Women of colour face significant obstacles working within US accounting firms, according to new Big Four-backed research. The study, Women of Colour in Accounting, found that African-American, Latino and Asian women have a vastly different experience in professional services firms from white women, white men and men of colour.
The report said firms were characterised by a client-service focus and firmly entrenched “old boys” networks where staff of colour felt less included than white employees.
Lead author of the study, Katherine Giscombe, also warned that diversity programmes at US accounting firms ran the risk of being characterised by good intentions, imperfect execution and less than successful results.
The report found that women of colour experienced barriers to a greater extent than white women or men of colour. Many of these barriers related to difficulties in feeling comfortable in a client-based environment, and included a lack of similar role models, stereotyping, a greater level of exclusion from networks, and problems accessing client-based assignments and business development opportunities. “The one thing I do notice as I go to partner meetings is when you look at the number of partners and you look at the percentage of non-Caucasian, it is way too low,” a Latino respondent noted.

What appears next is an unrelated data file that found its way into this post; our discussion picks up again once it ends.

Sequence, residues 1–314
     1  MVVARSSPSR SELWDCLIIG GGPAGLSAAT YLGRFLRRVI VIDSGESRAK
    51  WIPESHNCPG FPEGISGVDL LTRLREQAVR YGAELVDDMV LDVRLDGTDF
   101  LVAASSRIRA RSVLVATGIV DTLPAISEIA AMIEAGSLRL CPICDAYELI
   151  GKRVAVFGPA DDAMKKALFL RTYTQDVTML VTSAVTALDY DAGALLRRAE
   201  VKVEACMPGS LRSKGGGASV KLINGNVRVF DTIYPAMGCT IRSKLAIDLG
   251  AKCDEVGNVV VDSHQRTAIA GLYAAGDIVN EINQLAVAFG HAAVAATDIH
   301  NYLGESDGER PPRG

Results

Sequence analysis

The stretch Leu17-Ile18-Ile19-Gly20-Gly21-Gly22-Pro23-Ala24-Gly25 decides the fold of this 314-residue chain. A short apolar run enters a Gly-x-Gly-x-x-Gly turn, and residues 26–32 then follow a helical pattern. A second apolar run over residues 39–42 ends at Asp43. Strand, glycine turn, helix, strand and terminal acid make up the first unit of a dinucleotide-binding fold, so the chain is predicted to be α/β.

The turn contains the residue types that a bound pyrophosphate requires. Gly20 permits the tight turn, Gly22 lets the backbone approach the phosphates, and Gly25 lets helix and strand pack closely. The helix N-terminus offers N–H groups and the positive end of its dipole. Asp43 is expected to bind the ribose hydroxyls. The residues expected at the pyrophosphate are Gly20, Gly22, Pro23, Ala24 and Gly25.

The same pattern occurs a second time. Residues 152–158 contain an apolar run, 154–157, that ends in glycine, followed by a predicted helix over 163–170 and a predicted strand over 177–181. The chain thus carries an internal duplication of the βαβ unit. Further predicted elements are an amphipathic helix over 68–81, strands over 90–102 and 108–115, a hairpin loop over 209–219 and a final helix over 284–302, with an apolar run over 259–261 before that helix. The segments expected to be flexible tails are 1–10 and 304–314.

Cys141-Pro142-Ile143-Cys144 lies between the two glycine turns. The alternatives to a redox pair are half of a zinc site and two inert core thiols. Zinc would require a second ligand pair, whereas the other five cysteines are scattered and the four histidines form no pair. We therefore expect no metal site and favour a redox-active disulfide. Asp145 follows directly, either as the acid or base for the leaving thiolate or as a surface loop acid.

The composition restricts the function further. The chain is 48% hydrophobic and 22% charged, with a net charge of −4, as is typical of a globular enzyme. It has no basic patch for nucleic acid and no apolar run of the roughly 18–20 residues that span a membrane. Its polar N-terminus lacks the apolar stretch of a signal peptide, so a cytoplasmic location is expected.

The statistics are significant since the accounting industry faces increasing staff recruitment and retention demands. Employment of accountants and auditors is also expected to grow faster than the average for all occupations through to 2014, according to the US Bureau of Labor Statistics.
More than half the graduates completing accounting degrees are women, and women of colour are a critical part of the talent pool for accounting firms, the study noted. According to the US National Center for Education Statistics, in the 2005-2006 school year, people of colour earned 26.2 percent of all accounting bachelor’s degrees, 19 percent of all accounting master’s degrees and 19 percent of all accounting PhDs.
Despite the importance of engaging women in minority groups the research found perceived barriers for women of colour include race-based disadvantages, double standards and a lack of access to high-visibility engagements. These barriers resulted in women of colour having low satisfaction in their careers, which was a significant reason for them choosing to leave firms. It warned that to stay competitive, accounting firms need to create more inclusive workplaces.
The report was conducted by Catalyst, a global non-profit corporate organisation that works to expand opportunities for women and business, and sponsored by the Big Four. It involved six interviews with senior leaders, nine focus groups and a web survey of 1,424 respondents from a sample of employees at large US firms.
Catalyst president Ilene Lang said the accounting industry had made great strides toward building a more diverse and inclusive workplace, but added: “Working to further change the white, male, up-and-out culture to one that is more inclusive to women and people of colour will not only expand opportunities for women of colour in the accounting industry but also allow firms to attract and retain the best and brightest in the field.”
The report recommended firms aggressively open up client meetings and high-visibility opportunities to women of colour and facilitate interaction among women of colour and others in the workforce. Nicholas Moody